By Lynne R. Dorfman
How can you tempt your students to take the writing plunge in the beginning of the year? I have always found that poetry is the great equalizer for student writers. Especially, the found poem helps writers gain confidence in creating something quite wonderful. Mentor texts for found poems are everywhere: newspaper articles, street signs, graffiti, speeches, letters, novels, picture books, or even other poems. Like a collage art form, the writer simply takes existing texts and refashions them as a poem. In its purest form, a found poem retains the exact words of the original text with a few omissions or additions. The writer creates a poem, making conscious decisions about line breaks and the order of the ideas.
Found poetry accomplishes several goals for readers and writers. First of all, it clearly gives students a chance to read like a writer – to find the best in prose (what often sounds like poetry). It asks readers to reread many times in order to write an effective poem; thus, deepening comprehension of text. Found poetry helps all children to be successful. It will help you get what all teachers want – 100% engagement. Found poetry is easily differentiated by text choices. In addition, it is easy to build in opportunities for collaboration. Read more
By Tricia Ebarvia
Last week, I shared how I organize my classroom library. But how did I build my library? How did I know what books to include? And how do I keep it fresh and inviting for students? This week, I share the answers to these questions and more.
START AT HOME
Three years ago, my first attempt at a classroom library was a collection of titles that I’d read during and after college. Well-loved copies of books like A Farewell to Arms, Pride and Prejudice, and Mrs. Dalloway sat along side more contemporary fiction I read for pleasure when I had the time, titles like A Thousand Splendid Suns and The Time Traveler’s Wife. As an English major and general book nerd, it was a lot of books! That was also the year I was teaching AP Lit, so many of those “English major” titles were going to come in handy with the independent reading I was planning on having my seniors do.
But I soon realized that while many of these titles were great for AP Lit students, they weren’t so great for my other classes, Read more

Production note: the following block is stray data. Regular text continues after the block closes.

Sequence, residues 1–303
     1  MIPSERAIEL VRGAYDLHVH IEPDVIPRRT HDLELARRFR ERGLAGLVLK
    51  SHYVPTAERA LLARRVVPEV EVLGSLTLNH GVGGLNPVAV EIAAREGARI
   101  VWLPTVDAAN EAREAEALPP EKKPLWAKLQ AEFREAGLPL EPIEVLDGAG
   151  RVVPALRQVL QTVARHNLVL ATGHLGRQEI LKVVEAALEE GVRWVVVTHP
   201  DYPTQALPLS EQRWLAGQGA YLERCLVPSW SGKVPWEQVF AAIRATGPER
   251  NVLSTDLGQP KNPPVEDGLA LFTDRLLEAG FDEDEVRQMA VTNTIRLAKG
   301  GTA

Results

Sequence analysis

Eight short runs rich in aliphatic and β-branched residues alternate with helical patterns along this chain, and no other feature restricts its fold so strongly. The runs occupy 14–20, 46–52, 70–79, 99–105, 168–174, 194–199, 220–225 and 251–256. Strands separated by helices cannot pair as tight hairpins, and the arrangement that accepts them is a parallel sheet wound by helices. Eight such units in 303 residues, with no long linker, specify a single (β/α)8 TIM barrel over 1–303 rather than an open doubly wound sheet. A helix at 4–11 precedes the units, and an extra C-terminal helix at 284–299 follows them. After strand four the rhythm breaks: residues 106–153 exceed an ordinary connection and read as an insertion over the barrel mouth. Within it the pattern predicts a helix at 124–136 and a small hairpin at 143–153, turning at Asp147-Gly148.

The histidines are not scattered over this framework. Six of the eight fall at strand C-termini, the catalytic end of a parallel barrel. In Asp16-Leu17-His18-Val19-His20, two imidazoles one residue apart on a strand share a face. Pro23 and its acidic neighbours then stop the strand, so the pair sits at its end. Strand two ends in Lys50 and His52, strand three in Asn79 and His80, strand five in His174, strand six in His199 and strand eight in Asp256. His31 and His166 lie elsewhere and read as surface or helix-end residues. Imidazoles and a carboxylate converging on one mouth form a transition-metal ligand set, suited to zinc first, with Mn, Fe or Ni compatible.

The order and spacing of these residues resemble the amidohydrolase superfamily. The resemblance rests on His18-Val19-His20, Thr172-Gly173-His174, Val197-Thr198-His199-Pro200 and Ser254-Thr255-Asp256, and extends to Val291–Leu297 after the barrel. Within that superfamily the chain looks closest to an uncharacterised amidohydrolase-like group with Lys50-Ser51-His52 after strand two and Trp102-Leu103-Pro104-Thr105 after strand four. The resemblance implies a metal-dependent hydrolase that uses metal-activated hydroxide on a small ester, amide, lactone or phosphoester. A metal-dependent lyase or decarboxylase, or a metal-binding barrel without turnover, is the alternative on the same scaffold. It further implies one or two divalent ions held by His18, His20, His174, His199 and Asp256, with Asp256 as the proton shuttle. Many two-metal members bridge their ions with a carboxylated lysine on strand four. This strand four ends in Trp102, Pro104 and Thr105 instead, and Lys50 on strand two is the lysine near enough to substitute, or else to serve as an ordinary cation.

By Tricia Ebarvia
I wrote earlier this year about my efforts to foster a culture of reading in my classroom. I reflected on the ways reading has shaped how I experience the world. I considered how my reading practices and preferences affect my students, both positively and negatively.
As a result, I dedicated more and more class time to independent reading this year than I have ever before. I replaced mini-grammar exercises with book talks. I read the books my students read and recommended to me. I cut down on whole class novel analysis and gave students what they said they needed most—time. Time to read, read, and read some more.
But I’d be remiss not to also mention that extra ingredient which made our reading community possible: a classroom library. Read more
By Tricia Ebarvia
Every year as April approaches, my colleagues and I gather together to make a decision. What poem will we choose to celebrate National Poetry Month this year?
For the last nine years, students at Conestoga High School have marked National Poetry Month with a celebration known as “One Poem, One ‘Stoga.” Each April, every English class takes a break from its regularly scheduled programming to study one poem together. That means that more than 2,000 students, from 14-year-old freshmen to 18-year-old seniors, read the same poem. It’s one of the few shared experiences students have that transcends age, grade, and academic level. Read more
By Rita Sorrentino
“Poetry doesn’t belong to those who write it, but to those who need it.” These are the sentiments of Mario Ruoppolo in the film Il Postino. Mario, the temporarily employed peasant postman, is introduced to poetry late in his life through a developing friendship with his only client, the briefly exiled Chilean poet Pablo Neruda. Neruda’s passion and Mario’s urgency combine in this tender tale of friendship, love and the power of poetry. In a significant segment of the film, Mario enthusiastically tape-records the beautiful sounds of the Mediterranean island. Seagulls, church bells, waves and fishnets symbolize Mario’s life, love and loyalty, and initiate his desire to express his thoughts and feelings in poetry. Read more